Former Ireland and Munster player Alan Quinlan predicts this year’s Six Nations Championship will feature the most expansive brand of rugby in the competition’s history, and be won by England.
The retired back-row expects Northern Hemisphere’s elite nations to focus more on attack than defence following the unrivalled success of their Southern Hemisphere counterparts at last year’s Rugby World Cup.
Quinlan says the attritional game from previous editions is likely to be sidelined for free-flowing running rugby with ball-in-hand and off-loads.
“We will see more ambition from all the teams,” he said. “Everyone has taken notice of the success of playing a more open game from the World Cup – particularly Argentina, Australia and New Zealand.”
Last year saw the most dramatic finish to a Six Nations Championship with Ireland, England and Wales only being separated by virtue of points difference on an epic final day.
Quinlan told Planet Rugby that he feels England will start as title favourites this year due to the advantage of playing rivals Ireland and Wales at home with Scotland, Italy and France away.
“I think England will win because of the way the tournament falls for them,” he explained. “Also Eddie Jones will bring a lot of enthusiasm and energy to a team which already has a lot of good players and depth.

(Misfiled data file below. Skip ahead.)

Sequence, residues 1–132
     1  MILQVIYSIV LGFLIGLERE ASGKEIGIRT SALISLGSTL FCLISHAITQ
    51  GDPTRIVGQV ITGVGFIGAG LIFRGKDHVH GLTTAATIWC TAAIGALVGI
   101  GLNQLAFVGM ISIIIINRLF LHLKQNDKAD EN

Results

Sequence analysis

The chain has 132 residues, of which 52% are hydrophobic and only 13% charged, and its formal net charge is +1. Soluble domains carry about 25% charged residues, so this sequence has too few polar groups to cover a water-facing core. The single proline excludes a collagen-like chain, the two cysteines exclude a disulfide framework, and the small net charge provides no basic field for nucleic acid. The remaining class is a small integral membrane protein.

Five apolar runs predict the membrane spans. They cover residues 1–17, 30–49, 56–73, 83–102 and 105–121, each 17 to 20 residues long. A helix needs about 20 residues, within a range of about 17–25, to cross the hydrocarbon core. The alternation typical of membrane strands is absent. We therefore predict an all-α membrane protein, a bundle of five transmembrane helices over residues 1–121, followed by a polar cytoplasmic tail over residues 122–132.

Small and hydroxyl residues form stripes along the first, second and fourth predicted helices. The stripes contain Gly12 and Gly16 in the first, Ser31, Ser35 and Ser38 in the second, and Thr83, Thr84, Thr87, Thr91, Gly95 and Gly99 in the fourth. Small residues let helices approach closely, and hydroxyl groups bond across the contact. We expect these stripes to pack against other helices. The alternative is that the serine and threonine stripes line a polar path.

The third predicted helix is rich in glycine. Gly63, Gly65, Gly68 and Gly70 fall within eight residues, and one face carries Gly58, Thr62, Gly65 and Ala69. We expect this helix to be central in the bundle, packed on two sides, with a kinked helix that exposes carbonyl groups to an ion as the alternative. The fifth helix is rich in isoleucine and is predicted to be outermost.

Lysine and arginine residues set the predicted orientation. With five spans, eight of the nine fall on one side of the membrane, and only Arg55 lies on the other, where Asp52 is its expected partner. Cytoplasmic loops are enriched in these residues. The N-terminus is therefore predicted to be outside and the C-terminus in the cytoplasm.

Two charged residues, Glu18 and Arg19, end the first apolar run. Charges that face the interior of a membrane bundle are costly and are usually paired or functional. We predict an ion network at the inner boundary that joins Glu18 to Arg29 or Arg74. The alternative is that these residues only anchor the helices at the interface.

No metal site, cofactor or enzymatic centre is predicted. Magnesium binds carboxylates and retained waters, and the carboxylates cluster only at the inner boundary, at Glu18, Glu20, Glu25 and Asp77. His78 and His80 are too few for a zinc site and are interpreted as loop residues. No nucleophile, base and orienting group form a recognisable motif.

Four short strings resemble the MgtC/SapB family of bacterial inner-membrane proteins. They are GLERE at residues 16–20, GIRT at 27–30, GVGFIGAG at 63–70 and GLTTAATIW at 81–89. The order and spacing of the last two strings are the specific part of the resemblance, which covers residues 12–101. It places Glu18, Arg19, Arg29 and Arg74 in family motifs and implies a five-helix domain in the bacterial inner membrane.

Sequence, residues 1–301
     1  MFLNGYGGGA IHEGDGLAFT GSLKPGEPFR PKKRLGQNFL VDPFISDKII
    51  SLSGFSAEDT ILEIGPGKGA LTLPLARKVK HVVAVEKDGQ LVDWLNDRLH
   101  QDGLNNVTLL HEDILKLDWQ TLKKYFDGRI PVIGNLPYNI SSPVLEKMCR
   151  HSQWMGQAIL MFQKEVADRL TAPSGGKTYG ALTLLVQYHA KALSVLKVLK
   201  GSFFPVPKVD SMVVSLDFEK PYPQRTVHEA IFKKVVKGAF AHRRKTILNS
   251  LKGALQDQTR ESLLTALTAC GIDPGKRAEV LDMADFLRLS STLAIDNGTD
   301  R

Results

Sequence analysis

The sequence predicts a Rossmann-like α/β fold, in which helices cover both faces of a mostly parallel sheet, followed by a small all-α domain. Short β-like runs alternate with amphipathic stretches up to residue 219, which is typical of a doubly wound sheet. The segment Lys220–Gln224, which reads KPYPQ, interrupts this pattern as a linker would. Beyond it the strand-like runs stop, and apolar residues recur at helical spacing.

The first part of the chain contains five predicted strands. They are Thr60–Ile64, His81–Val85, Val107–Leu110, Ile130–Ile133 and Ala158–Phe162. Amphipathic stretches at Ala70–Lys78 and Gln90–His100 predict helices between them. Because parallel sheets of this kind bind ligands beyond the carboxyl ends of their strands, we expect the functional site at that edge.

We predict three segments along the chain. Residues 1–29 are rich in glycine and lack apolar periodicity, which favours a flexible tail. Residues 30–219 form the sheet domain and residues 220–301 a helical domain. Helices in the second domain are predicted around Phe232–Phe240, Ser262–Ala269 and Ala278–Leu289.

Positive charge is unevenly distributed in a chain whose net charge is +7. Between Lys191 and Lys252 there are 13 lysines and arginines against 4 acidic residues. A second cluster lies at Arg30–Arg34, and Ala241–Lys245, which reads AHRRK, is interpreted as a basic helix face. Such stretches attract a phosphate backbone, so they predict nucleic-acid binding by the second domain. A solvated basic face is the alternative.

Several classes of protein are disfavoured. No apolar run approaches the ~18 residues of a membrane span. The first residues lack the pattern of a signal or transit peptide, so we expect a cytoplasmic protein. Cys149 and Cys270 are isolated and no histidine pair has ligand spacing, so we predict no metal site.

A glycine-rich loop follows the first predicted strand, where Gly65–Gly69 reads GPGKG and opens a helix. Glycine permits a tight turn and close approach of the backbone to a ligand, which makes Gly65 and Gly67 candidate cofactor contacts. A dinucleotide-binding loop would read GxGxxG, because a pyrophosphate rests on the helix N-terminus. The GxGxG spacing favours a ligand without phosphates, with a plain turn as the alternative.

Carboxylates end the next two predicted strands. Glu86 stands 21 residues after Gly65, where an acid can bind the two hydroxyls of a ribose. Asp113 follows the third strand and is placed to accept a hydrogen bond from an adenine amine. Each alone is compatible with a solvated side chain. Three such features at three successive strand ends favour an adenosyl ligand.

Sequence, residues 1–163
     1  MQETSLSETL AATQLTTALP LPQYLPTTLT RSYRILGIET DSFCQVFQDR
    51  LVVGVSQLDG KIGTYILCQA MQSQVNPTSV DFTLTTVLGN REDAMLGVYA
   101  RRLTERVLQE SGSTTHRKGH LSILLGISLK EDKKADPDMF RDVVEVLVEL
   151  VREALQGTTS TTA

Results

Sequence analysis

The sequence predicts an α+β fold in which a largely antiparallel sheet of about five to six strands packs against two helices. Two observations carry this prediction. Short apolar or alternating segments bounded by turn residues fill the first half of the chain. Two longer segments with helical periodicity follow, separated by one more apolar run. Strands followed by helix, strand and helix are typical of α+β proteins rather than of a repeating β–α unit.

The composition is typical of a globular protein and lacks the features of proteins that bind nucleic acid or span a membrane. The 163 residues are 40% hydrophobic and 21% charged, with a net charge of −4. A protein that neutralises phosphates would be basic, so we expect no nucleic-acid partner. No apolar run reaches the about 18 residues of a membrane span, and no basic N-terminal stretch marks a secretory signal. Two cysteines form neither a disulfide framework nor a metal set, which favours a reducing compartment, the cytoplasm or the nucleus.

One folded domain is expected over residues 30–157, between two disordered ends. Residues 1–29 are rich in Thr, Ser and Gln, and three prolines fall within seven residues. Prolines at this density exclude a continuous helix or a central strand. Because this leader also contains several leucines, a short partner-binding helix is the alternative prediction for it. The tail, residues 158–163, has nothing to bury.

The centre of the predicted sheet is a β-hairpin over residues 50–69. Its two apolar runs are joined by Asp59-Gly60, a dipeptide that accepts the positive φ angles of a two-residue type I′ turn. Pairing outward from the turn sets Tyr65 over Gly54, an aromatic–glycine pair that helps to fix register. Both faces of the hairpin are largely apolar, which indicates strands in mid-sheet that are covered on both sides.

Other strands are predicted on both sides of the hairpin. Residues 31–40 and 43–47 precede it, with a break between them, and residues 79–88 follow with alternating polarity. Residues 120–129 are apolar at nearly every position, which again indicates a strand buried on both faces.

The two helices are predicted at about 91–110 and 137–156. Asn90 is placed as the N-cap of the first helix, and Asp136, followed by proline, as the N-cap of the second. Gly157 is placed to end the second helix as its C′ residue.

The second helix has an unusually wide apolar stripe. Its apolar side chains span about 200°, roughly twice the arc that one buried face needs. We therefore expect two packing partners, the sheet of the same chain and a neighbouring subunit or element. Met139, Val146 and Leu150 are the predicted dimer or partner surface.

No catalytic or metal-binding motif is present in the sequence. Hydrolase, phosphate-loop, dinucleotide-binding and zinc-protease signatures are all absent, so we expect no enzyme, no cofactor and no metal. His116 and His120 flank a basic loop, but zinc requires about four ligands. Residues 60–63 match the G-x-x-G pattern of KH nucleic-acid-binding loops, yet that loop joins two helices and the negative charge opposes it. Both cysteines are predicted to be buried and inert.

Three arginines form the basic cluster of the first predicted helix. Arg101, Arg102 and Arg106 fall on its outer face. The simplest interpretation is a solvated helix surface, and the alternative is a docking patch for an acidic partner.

“I do not think it will be a Grand Slam though. Whoever wins the Championship will probably lose one game.”
None of the participating Six Nations teams at the 2015 World Cup made it beyond the quarter-final stage, with Italy and surprisingly hosts England not even getting out of the group phase.
This disappointment has prompted a major shake-up with both France and England replacing their coaching staff, but the real change needs to be in how these teams play the game.
Although holders Ireland are going for a historic third Championship in a row, they too are going to have to alter their conservative game if they are to continue that success.
But with the loss of Paul O’Connell, injuries to several key players plus a post-World Cup hangover that has plagued the form of Leinster and Munster, Quinlan knows his native Ireland are up against it.
“It is going to be tough for them,” he admitted on Ireland’s chances of retaining the title.
“Having France and England away from home always makes it harder.
“They (Ireland) have got to start well at home to Wales and beat either France or England away to be in the mix come the end.
“Also Leinster and Munster both struggling does not help. In saying that, the Six Nations is a great competition and the players will be itching to play in it.”